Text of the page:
Montreal Canadiens Legend Guy Lafleur Passes At 70

DETROIT, MI - CIRCA 1981: Guy Lafleur #10 of the Montreal Canadiens. (Photo by Focus on Sport/Getty Images)
DETROIT, MI - CIRCA 1981: Guy Lafleur #10 of the Montreal Canadiens. (Photo by Focus on Sport/Getty Images) /

Montreal Canadiens legend and all-time great Guy Lafleur has left us after a battle with cancer. He was 70. He is survived by his wife Lise and his two sons, Mark and Martin.

Guy Lafleur was simply untouchable. The number one overall pick in 1971 would win 5 Stanley Cups in his remarkable career. He would also be nominated as the greatest QMJHL player of all time in 2019, as well as the Lou Marsh Canadian Athlete of the Year in 1977.

In the 1970’s he was the greatest on the planet. Scoring six consecutive 50-goal seasons and 100 point seasons. Between 1974 and 1980, Lafleur would outpace everyone by at least 80 points, an average of nearly 15 per season.

The Thurso, Quebec native was simply born to play hockey. After dominating the QMJHL with the Quebec Remparts where in two seasons, he would score a ridiculous line of 233 goals, 146 assists for 379 points in only 118 games, he was on his way to begin his legendary career.

Between 1971 and 1974, Lafleur would post some ho-hum statistics for someone of his talent and calibre. He would register 64, 55 and 66 point seasons while scoring 29, 28 and 21 goals. Not bad at all but certainly not what the Canadiens had hoped for.

Sam Pollock made a move a year before the 1971 draft in the hopes of nabbing Guy Lafleur. The legendary general manager made a move in May of 1970 when he traded the Canadiens’ 1st round pick in 1970 alongside Ernie Hicke to the California Golden Seals. In return the Habs would the California’s 1st round pick in 1971, Francois Lacombe and cash. California finished last in 1970 and the Canadiens would draft 1st overall the following season.

An unfamiliar sight to modern fans might be the reason for Lafleur’s “slow” start in the NHL – the helmet. Between 1971 and 1974, Lafleur would wear a helmet, something he admitted hated to wear.

Applying an Internet Time Machine to the Habs Summer of 1974 - Eyes On The Prize
Applying an Internet Time Machine to the Habs Summer of 1974 - Eyes On The Prize /

A clearly uncomfortable image of Lafleur looking vulnerable with that piece of equipment. However at the start of the 1974 season, Lafleur shed the helmet and let fly his golden hair in the wind, earning the nickname Le Demond Blond (The Blonde Demon).

What would follow was a career of 1126 games with Montreal, New York Rangers and Quebec Nordiques. 560 goals, 793 assists totalling 1353 points. Lafleur stands atop most offensive categories in Canadiens history and sits amongst the greatest of all time in the NHL.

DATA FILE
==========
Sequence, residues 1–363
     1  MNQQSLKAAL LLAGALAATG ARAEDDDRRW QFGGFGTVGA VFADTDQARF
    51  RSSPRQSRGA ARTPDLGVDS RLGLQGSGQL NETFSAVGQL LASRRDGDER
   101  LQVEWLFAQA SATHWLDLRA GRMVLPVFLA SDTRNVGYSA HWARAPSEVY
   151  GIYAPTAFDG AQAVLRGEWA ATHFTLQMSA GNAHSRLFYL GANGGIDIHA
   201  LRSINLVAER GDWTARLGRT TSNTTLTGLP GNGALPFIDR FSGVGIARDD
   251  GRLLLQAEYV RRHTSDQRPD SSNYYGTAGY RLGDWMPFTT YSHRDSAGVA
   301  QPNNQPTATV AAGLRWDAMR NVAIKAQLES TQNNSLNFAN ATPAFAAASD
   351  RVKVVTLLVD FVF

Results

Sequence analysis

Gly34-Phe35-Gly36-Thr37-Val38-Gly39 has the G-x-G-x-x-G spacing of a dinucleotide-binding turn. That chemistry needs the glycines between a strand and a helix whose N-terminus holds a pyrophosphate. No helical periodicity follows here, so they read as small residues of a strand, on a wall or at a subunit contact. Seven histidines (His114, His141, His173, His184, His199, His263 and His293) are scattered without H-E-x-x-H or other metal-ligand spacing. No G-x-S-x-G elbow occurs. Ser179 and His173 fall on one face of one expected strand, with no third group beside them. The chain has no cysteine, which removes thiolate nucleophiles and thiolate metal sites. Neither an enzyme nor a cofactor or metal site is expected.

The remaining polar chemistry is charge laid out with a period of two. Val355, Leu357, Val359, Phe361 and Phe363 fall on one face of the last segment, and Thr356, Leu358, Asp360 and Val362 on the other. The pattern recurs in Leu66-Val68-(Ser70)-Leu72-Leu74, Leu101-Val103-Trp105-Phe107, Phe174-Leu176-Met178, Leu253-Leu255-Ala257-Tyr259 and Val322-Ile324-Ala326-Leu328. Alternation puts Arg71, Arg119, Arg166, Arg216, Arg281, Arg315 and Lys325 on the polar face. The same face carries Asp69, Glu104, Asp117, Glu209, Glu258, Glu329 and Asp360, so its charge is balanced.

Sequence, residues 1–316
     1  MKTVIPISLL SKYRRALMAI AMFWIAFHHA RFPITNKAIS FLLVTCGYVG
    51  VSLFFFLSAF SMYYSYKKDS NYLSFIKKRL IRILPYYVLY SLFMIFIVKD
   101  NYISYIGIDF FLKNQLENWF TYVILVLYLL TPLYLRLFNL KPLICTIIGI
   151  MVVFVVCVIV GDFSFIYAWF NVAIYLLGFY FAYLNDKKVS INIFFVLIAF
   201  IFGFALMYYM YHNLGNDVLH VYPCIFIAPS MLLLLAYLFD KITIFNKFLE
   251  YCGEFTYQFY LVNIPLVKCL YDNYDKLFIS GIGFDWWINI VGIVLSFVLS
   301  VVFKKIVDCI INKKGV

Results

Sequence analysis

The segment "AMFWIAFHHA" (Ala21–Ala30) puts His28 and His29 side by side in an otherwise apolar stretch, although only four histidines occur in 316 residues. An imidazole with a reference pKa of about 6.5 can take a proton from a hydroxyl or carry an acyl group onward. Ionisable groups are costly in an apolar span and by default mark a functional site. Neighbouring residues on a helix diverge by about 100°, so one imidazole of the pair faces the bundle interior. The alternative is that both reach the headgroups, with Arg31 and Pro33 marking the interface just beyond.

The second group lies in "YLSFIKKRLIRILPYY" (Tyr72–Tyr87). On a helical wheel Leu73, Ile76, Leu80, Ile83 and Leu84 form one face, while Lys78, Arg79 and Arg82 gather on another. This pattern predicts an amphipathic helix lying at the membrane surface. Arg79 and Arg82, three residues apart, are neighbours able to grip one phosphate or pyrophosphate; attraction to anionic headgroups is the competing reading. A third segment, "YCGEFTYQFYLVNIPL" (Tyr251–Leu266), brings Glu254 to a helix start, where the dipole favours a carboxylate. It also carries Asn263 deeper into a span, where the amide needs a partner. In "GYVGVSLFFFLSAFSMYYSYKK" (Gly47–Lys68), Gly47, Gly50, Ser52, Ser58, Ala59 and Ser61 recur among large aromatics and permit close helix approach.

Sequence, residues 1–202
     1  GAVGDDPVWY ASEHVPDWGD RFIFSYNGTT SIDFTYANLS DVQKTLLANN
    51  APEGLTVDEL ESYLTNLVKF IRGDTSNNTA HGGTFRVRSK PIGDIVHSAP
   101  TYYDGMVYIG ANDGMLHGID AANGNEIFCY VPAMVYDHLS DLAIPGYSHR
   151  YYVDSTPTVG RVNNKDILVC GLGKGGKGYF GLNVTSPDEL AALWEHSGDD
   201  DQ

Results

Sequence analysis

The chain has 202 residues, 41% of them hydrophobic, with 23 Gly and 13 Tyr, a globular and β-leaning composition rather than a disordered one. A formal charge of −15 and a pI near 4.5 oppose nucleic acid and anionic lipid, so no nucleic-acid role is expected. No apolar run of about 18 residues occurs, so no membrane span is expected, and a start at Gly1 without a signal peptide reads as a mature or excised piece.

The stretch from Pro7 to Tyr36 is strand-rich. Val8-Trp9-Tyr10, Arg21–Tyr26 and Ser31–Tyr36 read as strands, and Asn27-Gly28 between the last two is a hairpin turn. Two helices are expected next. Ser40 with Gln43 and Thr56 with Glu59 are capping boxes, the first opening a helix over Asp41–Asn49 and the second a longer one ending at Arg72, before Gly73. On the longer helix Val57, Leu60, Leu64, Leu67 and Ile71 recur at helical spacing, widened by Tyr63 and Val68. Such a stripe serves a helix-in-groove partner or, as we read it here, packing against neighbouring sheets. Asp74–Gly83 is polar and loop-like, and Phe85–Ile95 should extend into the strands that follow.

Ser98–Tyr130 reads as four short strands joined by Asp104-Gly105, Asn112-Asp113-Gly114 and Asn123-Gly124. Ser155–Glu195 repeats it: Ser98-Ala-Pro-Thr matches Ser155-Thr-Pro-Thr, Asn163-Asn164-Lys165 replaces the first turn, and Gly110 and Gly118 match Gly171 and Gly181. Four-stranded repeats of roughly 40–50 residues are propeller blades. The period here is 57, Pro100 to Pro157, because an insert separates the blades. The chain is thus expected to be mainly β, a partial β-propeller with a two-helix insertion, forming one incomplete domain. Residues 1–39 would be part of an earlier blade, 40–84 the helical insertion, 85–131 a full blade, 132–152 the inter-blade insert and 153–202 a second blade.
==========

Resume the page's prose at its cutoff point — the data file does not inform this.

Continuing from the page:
Between the 1975-76 and 1977-78 seasons, Lafleur would win three consecutive Art Ross Trophies (125, 136 and 132 points), three Lester B Pearson Awards, two Hart Trophies (76-77, 77-78) and a Conn Smyth (76-77).

Before Gretzky, Lemieux and his friends came along, at the time, Guy Lafleur was the fastest player to reach 1000 career points, doing so in 720 games. He was also the first player in NHL history to score at least 50 goals and 100 points in six consecutive seasons.

Lafleur would also win the Canada Cup as a member of Team Canada in 1976.

Lafleur announced his retirement in 1985 after only playing 19 games during the 84-85 season. The six time all-star would see his jersey retire on February 16th, 1985, being only the 5th member of the Canadiens at the time. In 1988 he would be inducted into the Hall of Fame.

Shortly after being inducted and having spent three years in retirement, Lafleur would return to the NHL as a member of the New York Rangers. He would play one season scoring 18 goals and 27 assists for 67 points. He would then get traded to the Quebec Nordiques for a 5th round pick (which would end up being Sergei Zubov) and immediately sign a new contract as a pending free agent, ending his career in his hometown. The Minnesota North Stars would acquire Lafleur via waiver draft in May 1991, hoping Lafleur would play one final season but the Nordiques traded for his rights the following day and Lafleur would then hang up his skates for good as a member of the Nordiques.

Anyone who has seen Lafleur live in person or on TV would have stories of awe to tell you. He was the idol of an entire province and a generation of fans. He simply was one of the greatest of all time.

Rest in Peace # 10. You will be sorely missed.

Guy! Guy! Guy!

A Winning Habit
A Winning Habit /

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